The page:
By Jared Chausow
By Katie Toth
By Elizabeth Flock
By Albert Samaha
By Anna Merlan
By Jon Campbell
By Jon Campbell
By Albert Samaha
Letter of the Week
Falling short on long war
Re Tim Heffernan's "The Measure of War" [villagevoice.com, March 19]:I am a right-wing-Republican guy who thinks this war is the right thing. Having said that, I couldn't agree more with Heffernan. There is something fundamentally wrong with going on with life as we know it when we have men in the field. Paris Hilton, Bush, Clinton, March Madness, and all the rest of it is astounding in its trivial nature when we have forces engaged in battle. I find it disconcerting to be in a country engaged in an existential struggle, where the average person knows the name of rap stars but not any of our generals or soldiers. I voted for Bush twice and would do it again, but when you contrast him with Lincoln, who waited overnight at the war department for the reports on casualties; or Roosevelt, who served pound cake in a room at the White House at his inaugural because we were at war and it was not the time to have a galaBush falls incredibly short.
I am disappointed in the angle of Kristen Lombardi's article "Gay and Proud" [March 22-28]. My experience is that the loud social disruption in the Village comes from excessively drunk adults and not solely from the youth making their way to and from the pier or hanging out. I believe that Lombardi didn't accurately report the situation. I have experienced firsthand the work done by FIERCE! They have been doing much more than the article claims. Through their presence and organizing skills they are actively trying to work with residents and engaging LGBT youth in political processes in the West Village. FIERCE! is trying to come up with solutions that don't rely on driving individuals out of a neighborhood. The piers are community property . . . The streets belong to the city . . . And public space belongs to all of the public.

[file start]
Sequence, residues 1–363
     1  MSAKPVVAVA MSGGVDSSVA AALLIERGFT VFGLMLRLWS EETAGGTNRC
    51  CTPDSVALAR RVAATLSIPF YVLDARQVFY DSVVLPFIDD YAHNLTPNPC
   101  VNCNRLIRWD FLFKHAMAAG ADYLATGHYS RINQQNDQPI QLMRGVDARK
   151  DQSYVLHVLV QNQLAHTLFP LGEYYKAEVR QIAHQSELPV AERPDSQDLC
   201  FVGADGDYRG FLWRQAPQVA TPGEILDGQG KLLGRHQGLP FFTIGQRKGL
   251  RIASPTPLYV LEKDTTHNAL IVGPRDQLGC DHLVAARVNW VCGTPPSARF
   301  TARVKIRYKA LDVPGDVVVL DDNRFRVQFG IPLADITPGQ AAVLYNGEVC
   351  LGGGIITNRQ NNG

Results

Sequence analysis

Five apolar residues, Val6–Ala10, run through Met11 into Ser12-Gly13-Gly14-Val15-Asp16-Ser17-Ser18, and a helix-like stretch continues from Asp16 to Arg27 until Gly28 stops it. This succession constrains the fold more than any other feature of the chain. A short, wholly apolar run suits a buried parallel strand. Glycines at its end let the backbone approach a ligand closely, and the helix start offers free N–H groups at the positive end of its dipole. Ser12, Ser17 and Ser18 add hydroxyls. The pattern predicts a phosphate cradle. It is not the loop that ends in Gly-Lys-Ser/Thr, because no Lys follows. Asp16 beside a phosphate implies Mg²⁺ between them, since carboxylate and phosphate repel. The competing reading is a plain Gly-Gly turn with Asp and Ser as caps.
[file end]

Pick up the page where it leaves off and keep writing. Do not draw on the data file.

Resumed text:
I have experienced this issue with queer teens in the Village for the past four years. Since the majority of the West Village is inhabited by gay or gay-friendly people this is not a gay issue. It's become a serious matter of safety. This problem has taken a violent turn. Not one, but three people in my building have been attacked and mugged. These so-called troubled queer teens use their unpleasant upbringing, rejection from their parents, and bad neighborhoods as an excuse to completely ruin our neighborhood. A woman in my building was attacked outside of an ATM. A 16-year-old girl kicked her in the back and stole her wallet. The teens play victim "poor us, we grew up in the ghetto." Well, not only do they piss on our doorsteps, screw openly on parked cars in daylight, but they sell themselves and drugs on the street corner. I only wish they had to pay the rent we do to live in the trendy West Village.
The West Village as a bastion of racial tolerance? The Voice is so funny. As a black man, I have never felt so discriminated against as I do just walking down the streets of the Village. Don't let me walk into an upscale boutique in the West Village. We'll see how racially tolerant they are as they get their black guard to stare me down during my entire visit. I even get uncomfortable stares when I enter art galleries in the area, or at least a condescending, dismissive tone whenever I ask for literature pertaining to the artist. And as for racism within the gay "community": It's no secret that most white gays don't want anything to do with black gays outside of the occasional "big black dick" fetish. Please, if you're not black, don't make assumptions about what areas are "racially tolerant" and which ones aren't.